As Russian President Vladimir Putin proceeds to annihilate Ukraine, sparing no pregnant women or children in his path, there is one person who could potentially dissuade him from his murderous plan. Her name is Vera Dmitriyevna Gurevich, Putin’s primary teacher from fifth to eighth grade.
But Gurevich is much more than that. She was a mother figure to young Putin, whose own mother, Mariya Ivanovna, was withdrawn, having suffered multiple psychological traumas in life. His two sons before Putin died during their attrition-torn childhood in Leningrad (present-day St. Petersburg). Mariya herself nearly starved to death during the blockade of St. Petersburg. Having passed out from starvation, she was taken by the townspeople to the heaps of corpses where she was left until she woke up.
A photo of five-year-old Putin sitting on his mother’s lap with his stiff arm placed around him as she gazes vaguely into the distance says it all about the heavy mental toll that war and poverty have taken to the boy and his mother.
Lacking warmth and love from his parents, young Putin was instead mentored by his teacher. Gurevich is the main reason, along with Putin’s judo instructor and mentor, Anatoliy Rakhlin, that the Russian president found himself on the path to power rather than becoming a doomed or – at least – a lost soul. (Rakhlin, whom young Putin considered a second father, died in 2013.)
Growing up, Putin was a troubled youngster who got into fights easily. Gurevich remembers Putin being “very agile, restless, with boundless energy. He couldn’t sit still, constantly looking through his classmates’ notepads, left, right and behind, and reaching under his desk to pick up a pen or pencil that he dropped all the time,” she shared in her memoir about her famous student, “Vladimir Putin. Parents. Friends. Teachers.”
Young “Volodya” fought and “clinged to the offender, clung to him with all his weight and grabbed him, fighting like a bulldog,” Gurevich wrote.
Gurevich also describes a visit she made to Putin’s parents in September 1964 when he was 11 years old. They lived in a cold communal apartment in a building infested with vermin, and she had learned that Putin was entangled with a group of thugs who had a “bad influence on him”. Gurevich had come to ask his parents to have a talk with their son, but she soon realized that Putin was a key child, living alone until five o’clock in the evening, surviving on a piece of bread and a bottle of milk. or buttermilk, even though his mother had prepared his supper.
“Enough of the hassle, take care of the school,” Gurevich told her student, she says in her book. Putin replied that he “could do all his homework in an hour if he wanted”.
But that day was a turning point. As “Volodya” got serious about his studies, Gurevich showered him with attention. She was also his German teacher and became a friend and mentor outside of school. Meanwhile, Putin occasionally helped his teacher by babysitting his daughters when she had to teach evenings at a technical school for architects and her husband had to go on a business trip. Young Putin would come to the Gourevitch house and watch the girls and even spend the night. Now on the straight and narrow, the future president started getting good grades and went on to study law.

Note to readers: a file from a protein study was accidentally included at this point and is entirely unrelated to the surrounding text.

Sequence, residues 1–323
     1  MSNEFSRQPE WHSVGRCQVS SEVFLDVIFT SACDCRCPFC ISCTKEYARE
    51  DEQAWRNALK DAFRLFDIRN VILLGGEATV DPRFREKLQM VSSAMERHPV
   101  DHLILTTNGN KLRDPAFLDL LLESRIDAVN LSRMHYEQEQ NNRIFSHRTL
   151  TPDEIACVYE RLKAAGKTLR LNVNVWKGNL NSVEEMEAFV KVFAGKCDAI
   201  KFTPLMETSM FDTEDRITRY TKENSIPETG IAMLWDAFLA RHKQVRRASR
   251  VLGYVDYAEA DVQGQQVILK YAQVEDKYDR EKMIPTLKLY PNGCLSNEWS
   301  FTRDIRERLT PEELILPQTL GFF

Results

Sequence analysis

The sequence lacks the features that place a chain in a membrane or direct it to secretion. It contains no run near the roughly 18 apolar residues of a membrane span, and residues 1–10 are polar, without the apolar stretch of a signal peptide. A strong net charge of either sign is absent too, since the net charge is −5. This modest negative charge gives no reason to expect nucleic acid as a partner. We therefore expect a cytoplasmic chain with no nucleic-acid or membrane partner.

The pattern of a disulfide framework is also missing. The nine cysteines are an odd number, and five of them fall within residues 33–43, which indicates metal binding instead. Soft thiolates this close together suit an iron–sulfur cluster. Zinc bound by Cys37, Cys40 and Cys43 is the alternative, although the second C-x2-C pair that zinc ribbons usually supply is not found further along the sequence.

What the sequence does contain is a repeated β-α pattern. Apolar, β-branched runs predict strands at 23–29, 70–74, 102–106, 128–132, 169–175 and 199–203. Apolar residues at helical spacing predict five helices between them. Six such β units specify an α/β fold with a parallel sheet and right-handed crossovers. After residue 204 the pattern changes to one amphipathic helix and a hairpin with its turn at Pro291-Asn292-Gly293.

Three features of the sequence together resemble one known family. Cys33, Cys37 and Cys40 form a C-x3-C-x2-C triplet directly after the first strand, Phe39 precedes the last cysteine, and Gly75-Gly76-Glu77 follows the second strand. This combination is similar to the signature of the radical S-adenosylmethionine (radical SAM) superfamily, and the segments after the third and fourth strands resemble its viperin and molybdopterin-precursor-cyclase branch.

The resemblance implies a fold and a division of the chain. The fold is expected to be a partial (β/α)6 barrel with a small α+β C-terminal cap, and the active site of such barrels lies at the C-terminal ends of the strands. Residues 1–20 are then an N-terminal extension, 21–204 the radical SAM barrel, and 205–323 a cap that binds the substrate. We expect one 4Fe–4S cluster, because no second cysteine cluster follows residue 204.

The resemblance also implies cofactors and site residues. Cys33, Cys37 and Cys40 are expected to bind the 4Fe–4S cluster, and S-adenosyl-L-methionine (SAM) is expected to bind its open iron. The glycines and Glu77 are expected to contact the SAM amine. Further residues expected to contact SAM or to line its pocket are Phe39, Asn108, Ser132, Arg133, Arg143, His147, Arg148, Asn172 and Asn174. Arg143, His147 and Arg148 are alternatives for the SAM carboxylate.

Both Putin’s parents died of cancer, within months of each other in 1999. That same year, former Russian President Boris Yeltsin announced in his New Year’s speech that he was then appointing Prime Minister Vladimir Putin as interim president of the Russian Federation until an out-of-cycle election could be held. Putin was first elected president on March 26, 2000, winning 52.94% of the vote.
During his annual “Direct Line to the President,” Putin shared that he always calls Gurevich, who is now 88, to inquire about his health. His love for her is unmistakable and evident in several photos and videos of Putin with Gurevich over the years. When he is with her, the face of the ruthless Russian dictator lights up and a warmth rarely seen envelops him.
Now Putin is determined to destroy, and even members of his inner political circle seem unable to dissuade him. Another male Kremlin operative is unlikely to have much influence, as the Russian leader may feel threatened or diminished by what could be perceived as an “order”. A woman, on the other hand, would be more successful. While The Post recently reported that friends of Putin’s Swiss-based lover Alina Kabaeva are begging her to go to Moscow to persuade him to end the war, Gurevich is much more likely than not. he idolizes and credits his rise to being able to convince his former student to end the violence.
With no leverage over Russia’s brutal president, Washington’s best chance of stopping Putin is to activate “side channels” – informal, covert, diplomatic communications between countries that, when hidden from the public, allow one or both sides to a confrontation to save face when backing down. But, for a backchannel to work, the mediator must have outsized influence over the person who must be led to believe that their course of action is not in the best interest of their country or the world.
If we have any hope of stopping Putin’s carnage in Ukraine, Vera Gurevich might be our best bet. If the United States, by thinking outside the box, can somehow get to her, maybe she could once again lead her former student off the wrong path.
Rebekah Koffler is a former Defense Intelligence Agency officer and currently a strategic intelligence analyst with the Lindsey Group. She is the author of “Putin’s Booklet: Russia’s Secret Plan to Defeat America”.
New York Post